Long ball fuels Zito past Twins

Long ball fuels Zito past Twins

OAKLAND -- The A's celebrated the start of June in much the same manner they said goodbye to May: Three home runs and a shutout.

Barry Zito extended his streak of consecutive quality starts to seven with seven innings of four-hit work, while Frank Thomas, Mark Kotsay and Dan Johnson went deep to give Oakland a 4-0 win over Minnesota on Thursday in the opener of a four-game series at McAfee Coliseum.

Even the beleaguered A's bullpen had a banner night. Kiko Calero worked a perfect eighth, and Huston Street wrapped things up by erasing memories of his blown save Wednesday and pitching a scoreless ninth.

"This," said A's general manager Billy Beane, "would be the template for everybody."

"I don't think you plan for shutouts, but yeah, this is what you're looking for," added manager Ken Macha. "Getting some sense of order in the bullpen is a priority, and when your starter gives you seven zeros, that's a big help."

It was a quick one, too. One hour, 57 minutes. Twins starter Boof Bonser made more mistakes than Zito, but he threw fewer pitches in his seven innings of five-hit work than did his counterpart, 94 to 97, unintentionally aiding Zito along the way.

"You always want big innings from the offense, and that's worth the wait," Zito said. "But you also want to get back out there to stay in rhythm and not get stale. The way [Bonser] was getting in and out of there definitely helped."

Zito (5-4), who has lost just once in his past nine starts, lowered his ERA to 1.13 over his past seven starts while striking out five without a walk. He hasn't strung together eight quality starts since putting up 12 in a row at the end of the 2001 season.

"Zito, he didn't let us breathe at all," Twins manager Ron Gardenhire said. "He had everything working. He had his changeup, the fastball -- he was locating it, and he had a great breaking ball. He kept us off-balance and we just got out-pitched tonight."

"It's a familiar feeling," Zito said. "The key is to not worry about trying to maintain what you're doing. ... Each start is a new start, and while momentum is great, it's not something tangible or something you can count on. You just have to keep focusing on that one pitch, that one inning, that one game."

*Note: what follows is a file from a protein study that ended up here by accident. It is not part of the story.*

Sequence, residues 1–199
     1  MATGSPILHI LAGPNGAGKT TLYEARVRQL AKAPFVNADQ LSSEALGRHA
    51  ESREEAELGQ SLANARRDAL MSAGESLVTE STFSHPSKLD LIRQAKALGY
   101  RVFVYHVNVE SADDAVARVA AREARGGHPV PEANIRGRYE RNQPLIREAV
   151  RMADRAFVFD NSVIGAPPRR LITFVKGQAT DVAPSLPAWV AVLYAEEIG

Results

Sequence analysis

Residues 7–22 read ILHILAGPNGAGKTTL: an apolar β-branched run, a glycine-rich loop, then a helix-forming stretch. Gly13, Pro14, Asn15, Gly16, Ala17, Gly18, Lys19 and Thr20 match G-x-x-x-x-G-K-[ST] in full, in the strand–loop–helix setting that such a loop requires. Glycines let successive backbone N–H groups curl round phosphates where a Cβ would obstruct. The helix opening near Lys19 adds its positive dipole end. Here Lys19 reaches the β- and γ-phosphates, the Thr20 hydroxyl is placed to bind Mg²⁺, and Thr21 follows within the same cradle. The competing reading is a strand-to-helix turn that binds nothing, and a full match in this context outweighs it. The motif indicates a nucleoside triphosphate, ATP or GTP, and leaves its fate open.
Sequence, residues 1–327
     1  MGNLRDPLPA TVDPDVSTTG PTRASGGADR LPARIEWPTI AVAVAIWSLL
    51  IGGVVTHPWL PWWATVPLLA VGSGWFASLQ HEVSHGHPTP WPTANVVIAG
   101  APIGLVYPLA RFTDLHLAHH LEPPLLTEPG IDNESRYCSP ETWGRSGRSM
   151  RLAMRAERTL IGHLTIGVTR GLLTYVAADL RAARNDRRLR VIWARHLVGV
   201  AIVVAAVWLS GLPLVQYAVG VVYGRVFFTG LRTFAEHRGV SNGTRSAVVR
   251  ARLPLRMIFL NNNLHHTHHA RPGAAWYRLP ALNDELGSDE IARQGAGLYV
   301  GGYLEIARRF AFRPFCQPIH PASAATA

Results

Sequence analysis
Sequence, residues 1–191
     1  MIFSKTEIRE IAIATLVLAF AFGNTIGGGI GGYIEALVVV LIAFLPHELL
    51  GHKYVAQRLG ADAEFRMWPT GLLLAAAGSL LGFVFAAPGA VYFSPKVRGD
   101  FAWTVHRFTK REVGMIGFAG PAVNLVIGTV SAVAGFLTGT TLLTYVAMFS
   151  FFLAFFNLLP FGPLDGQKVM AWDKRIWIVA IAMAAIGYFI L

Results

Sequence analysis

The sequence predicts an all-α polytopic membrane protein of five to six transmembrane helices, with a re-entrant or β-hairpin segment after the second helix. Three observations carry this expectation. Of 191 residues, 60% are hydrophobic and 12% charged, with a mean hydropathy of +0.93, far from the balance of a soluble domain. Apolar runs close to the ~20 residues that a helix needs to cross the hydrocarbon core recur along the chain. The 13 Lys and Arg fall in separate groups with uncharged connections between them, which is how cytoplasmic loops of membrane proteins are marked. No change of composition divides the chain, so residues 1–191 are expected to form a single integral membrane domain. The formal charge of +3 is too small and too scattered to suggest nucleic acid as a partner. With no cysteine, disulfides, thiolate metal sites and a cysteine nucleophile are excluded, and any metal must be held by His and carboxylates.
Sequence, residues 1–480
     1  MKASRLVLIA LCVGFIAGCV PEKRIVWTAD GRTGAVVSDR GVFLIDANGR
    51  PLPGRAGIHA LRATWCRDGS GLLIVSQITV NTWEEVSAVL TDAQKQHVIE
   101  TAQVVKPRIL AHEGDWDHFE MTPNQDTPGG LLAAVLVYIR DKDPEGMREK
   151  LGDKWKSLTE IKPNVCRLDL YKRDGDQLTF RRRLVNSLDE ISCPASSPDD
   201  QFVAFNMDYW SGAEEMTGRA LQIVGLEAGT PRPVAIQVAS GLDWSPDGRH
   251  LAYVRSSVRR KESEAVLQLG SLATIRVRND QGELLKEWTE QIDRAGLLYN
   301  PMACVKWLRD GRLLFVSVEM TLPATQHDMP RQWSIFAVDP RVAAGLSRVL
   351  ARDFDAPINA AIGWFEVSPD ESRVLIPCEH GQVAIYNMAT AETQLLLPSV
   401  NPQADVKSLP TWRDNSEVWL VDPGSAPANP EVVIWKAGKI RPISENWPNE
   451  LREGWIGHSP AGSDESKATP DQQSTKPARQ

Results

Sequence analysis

If not for one game, the seven-run beatdown the Yankees administered on Opening Night, Zito's ERA for the year would be 2.07 over 11 starts. Even with that debacle, after which his ERA was 47.25, Thursday's gem lowered it to 2.87 for the year.

"This is as good as I've seen him," Beane said. "And at the best time, too."

Macha echoed that sentiment, pointing to Zito's win in Texas on Saturday as an example. With the bullpen worn down, Zito went 7 1/3 innings against one of the most explosive offenses in baseball -- in one of the biggest launching pads of a ballpark in the game -- to snap Oakland's season-high eight-game losing streak.

"He was good tonight; don't get me wrong," Macha said. "But the Texas game -- the need to win that game was huge. ... Those are the games you need your ace to win, and Barry's done an awful lot of that this year."

As a bonus Thursday, Zito recorded the 1,000th strikeout of his career in his 200th career start (the A's are 120-80 in those games). It took a call down from the pressbox to alert the dugout of the milestone, and fortunately for Zito, none of the three pitches he threw after fanning Lew Ford for No. 1,000 were fouled into the seats before catcher Jason Kendall was able to roll the ball safely out of play.

It eventually made its way to Zito, who hopes to give it some company before he's done.

"It's great, but I plan to play this game a long time," he said. "Maybe someday I'll be able to go for a bigger number."

That wasn't the only milestone reached by an Athletic on Thursday. When Thomas pumped his 12th homer of the year -- and second in two days -- in the second inning, it gave him 1,494 career RBIs, moving him past Dave Parker and into sole possession of 45th place among baseball's all-time leaders.

It also was Thomas' 921st career extra-base hit, moving him past Willie McCovey and into a tie for 42nd place all-time, but the Big Hurt is more focused on now than on history, and right now things are good.

On May 21, he was batting .178 with seven homers and 19 RBIs. Since May 22, when he homered twice in his first game in Chicago as an opponent, he's batting .400 (14-for-35) with five homers and nine RBIs.

"It was a rough first two months for me," Thomas said, "but I'm starting to come around."

Added Macha: "It says a lot about his ability to be doing what he's been doing. It's been a tremendous turnaround for him."

Four innings after Thomas left the yard, Kotsay hit a two-run blast to right-center field for his 100th career homer -- 359 behind Thomas, who ranks 27th on that list. Johnson closed to within 441 of Thomas with a solo poke in the seventh to close the scoring.

"It's a new month, and we're gonna be getting some key guys back here pretty soon," Zito said of the impending returns of Rich Harden, Esteban Loaiza and Milton Bradley. "We're not out of the woods yet, but every little bit helps."

Mychael Urban is a reporter for MLB.com. This story was not subject to the approval of Major League Baseball or its clubs.